‘If I Had to Survive Thea, What a Glorious Way to Do It’: Edie Windsor Declares Victory Over DOMA

Edie Windsor triumphant on the day DOMA went down.

Edie Windsor triumphant on the day DOMA went down.

After the Supreme Court struck down The Defense of Marriage Act this morning, Edith Windsor, the 5-foot-tall, 84-year-old woman whose lawsuit led to the national gay rights victory, finally had something to celebrate.

And, despite her trust in the legal team defending her, Ms. Windsor, standing before a packed LGBT Center room in Greenwich village, said she was unsure about the outcome of the 5-4 ruling before today.

“I prepared three speeches, one was total win, one was as applied, which was a possibility and one was total loss,” Ms. Windsor said. But when she heard the news, Ms. Windsor said her first reaction was tears.

“Because of today’s Supreme Court ruling, the federal government can no longer discriminate against the marriages of gay and lesbian Americans,” Ms. Windsor declared as she launched into her remarks. “Children born today will grow up in a world without DOMA. And those same children who happen to be gay will be free to love and get married, the way I did, but with the same federal benefits, protections and dignity as everyone else.”

During her emotional speech, Ms. Windsor also recalled the sorrowful events that resulted in her case going before the Supreme Court. Ms. Windsor had been together with Thea Spyer for 40 years at the time of their marriage in 2007. When Ms. Spyer passed away in 2009, Ms. Windsor was asked to pay over $363,000 in federal estate taxes. She decided to fight the system instead.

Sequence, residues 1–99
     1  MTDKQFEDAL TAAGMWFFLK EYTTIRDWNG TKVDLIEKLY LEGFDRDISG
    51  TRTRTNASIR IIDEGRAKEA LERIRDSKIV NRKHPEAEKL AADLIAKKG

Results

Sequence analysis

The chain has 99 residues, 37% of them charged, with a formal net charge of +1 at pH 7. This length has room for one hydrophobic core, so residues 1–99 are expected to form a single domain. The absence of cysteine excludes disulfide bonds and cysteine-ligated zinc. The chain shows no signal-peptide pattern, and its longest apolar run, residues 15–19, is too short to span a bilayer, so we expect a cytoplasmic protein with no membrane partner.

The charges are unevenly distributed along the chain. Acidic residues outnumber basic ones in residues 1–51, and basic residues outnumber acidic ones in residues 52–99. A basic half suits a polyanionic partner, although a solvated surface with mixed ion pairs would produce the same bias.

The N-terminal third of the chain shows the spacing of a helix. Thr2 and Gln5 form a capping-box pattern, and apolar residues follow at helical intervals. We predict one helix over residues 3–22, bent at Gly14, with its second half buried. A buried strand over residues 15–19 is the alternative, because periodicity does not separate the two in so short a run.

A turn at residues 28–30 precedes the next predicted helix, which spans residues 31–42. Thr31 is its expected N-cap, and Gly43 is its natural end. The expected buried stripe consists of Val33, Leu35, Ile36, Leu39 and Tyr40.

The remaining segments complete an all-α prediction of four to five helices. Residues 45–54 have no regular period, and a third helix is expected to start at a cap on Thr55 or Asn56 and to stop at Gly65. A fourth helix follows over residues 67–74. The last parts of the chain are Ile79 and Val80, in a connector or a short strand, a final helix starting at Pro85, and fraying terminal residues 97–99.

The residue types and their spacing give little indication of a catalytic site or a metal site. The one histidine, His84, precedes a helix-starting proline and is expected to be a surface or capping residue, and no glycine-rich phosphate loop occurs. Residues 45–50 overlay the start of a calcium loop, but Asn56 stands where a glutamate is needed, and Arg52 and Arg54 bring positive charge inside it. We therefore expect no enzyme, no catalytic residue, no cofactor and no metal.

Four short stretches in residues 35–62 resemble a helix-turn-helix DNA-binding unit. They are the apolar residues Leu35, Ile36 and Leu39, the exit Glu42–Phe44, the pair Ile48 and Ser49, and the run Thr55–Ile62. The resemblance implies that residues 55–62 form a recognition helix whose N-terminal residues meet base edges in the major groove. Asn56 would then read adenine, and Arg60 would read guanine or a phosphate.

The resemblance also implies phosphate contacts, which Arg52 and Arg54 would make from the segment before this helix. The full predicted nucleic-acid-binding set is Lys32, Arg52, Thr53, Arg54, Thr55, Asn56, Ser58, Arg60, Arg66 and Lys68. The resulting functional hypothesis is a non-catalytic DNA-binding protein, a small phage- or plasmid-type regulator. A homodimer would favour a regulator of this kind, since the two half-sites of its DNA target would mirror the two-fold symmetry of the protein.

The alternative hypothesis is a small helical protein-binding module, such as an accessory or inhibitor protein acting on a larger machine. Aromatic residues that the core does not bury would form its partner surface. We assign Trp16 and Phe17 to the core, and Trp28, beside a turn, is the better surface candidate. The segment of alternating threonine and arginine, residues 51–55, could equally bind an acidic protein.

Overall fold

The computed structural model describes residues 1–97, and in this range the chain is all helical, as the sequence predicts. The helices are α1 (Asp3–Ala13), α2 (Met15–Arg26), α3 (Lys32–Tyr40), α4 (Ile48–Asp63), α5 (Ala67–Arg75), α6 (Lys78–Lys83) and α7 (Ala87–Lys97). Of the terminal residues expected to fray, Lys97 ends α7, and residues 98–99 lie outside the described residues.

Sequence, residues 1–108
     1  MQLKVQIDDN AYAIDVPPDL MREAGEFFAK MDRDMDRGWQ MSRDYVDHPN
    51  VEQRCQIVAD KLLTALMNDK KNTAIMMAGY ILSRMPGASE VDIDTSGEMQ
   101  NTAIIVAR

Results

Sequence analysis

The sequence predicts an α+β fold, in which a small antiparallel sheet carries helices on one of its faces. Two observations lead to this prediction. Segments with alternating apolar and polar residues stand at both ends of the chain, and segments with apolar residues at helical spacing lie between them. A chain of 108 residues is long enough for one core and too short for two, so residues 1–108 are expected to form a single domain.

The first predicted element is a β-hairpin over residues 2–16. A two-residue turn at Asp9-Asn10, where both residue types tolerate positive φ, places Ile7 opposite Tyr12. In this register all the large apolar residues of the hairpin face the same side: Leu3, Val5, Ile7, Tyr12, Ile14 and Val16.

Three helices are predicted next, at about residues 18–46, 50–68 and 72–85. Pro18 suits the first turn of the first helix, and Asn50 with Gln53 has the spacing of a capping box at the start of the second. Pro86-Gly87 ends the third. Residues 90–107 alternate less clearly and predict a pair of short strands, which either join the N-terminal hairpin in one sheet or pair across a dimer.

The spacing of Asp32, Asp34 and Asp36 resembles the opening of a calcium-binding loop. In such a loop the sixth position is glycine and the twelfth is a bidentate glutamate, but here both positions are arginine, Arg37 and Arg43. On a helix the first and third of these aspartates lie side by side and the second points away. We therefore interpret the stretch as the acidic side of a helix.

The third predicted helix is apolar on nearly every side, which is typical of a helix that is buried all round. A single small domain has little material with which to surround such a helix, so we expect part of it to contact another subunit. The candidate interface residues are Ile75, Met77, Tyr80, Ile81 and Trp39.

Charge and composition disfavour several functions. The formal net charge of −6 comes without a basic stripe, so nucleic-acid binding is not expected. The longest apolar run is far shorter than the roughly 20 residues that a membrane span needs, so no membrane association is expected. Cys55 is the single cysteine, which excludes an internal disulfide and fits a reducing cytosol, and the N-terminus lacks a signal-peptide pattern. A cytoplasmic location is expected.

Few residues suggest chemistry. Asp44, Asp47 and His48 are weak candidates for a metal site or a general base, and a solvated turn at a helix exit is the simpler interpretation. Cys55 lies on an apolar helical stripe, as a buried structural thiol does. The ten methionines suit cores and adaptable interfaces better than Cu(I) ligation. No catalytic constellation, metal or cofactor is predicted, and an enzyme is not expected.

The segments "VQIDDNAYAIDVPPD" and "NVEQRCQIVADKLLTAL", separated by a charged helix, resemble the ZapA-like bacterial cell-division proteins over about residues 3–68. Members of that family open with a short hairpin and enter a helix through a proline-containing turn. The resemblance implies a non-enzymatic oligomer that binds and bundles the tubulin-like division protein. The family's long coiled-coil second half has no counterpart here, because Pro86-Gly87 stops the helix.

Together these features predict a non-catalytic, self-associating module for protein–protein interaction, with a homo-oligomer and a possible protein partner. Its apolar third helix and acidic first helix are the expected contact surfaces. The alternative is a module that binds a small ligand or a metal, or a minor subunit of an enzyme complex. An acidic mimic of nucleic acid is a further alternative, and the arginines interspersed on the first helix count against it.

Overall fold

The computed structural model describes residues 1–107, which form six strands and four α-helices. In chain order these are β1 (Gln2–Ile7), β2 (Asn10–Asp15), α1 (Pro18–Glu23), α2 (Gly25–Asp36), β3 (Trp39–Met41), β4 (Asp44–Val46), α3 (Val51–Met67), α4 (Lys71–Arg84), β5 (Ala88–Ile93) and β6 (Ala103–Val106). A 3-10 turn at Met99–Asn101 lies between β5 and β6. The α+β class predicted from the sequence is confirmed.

Reflecting, Ms. Windsor recalled the memory of her colleagues finding out about her same-sex marriage through news reports.

“When our marriage was announced in The New York Times, people were [saying] I lied, ‘Edie even to a close friend, you lied.’ I couldn’t help it,” she said. “Internalized homophobia is a big bitch.”

The elbow-to-elbow crowd reacted similarly. For instance, the 60-year-old Jo Ann Shain found it difficult to accurately describe what the day meant to her but managed to praise Ms. Windsor’s actions.

“To see what Edie Windsor did, to take on the federal government for full rights that all married couples really deserve, but were denied us, same-sex couples, because of who we are and who we love. She is our hero,” Ms. Shain said.

She and her spouse, Mary-Jo Kennedy, were involved in a lawsuit with the State of New York to obtain marriage licenses in 2004, before it was legalized in the state. Their 24-year-old daughter, Aliya, was also in attendance.

As the weight of the day began to sink in for 37-year-old Paul Menard, director of cultural programs at the Center, he tearfully spoke about the meaning of the Supreme Court ruling for members of the LGBT community.

“I can’t imagine what it’s like to grow up in a world where you’re seen as being a whole person,” he said. “Because I didn’t have that.”

For her part, Ms. Windsor said her late wife would think the years-long fight was worth it in the end.

“If I had to survive Thea, what a glorious way to do it,” Ms. Windsor said. “And she would be so pleased.”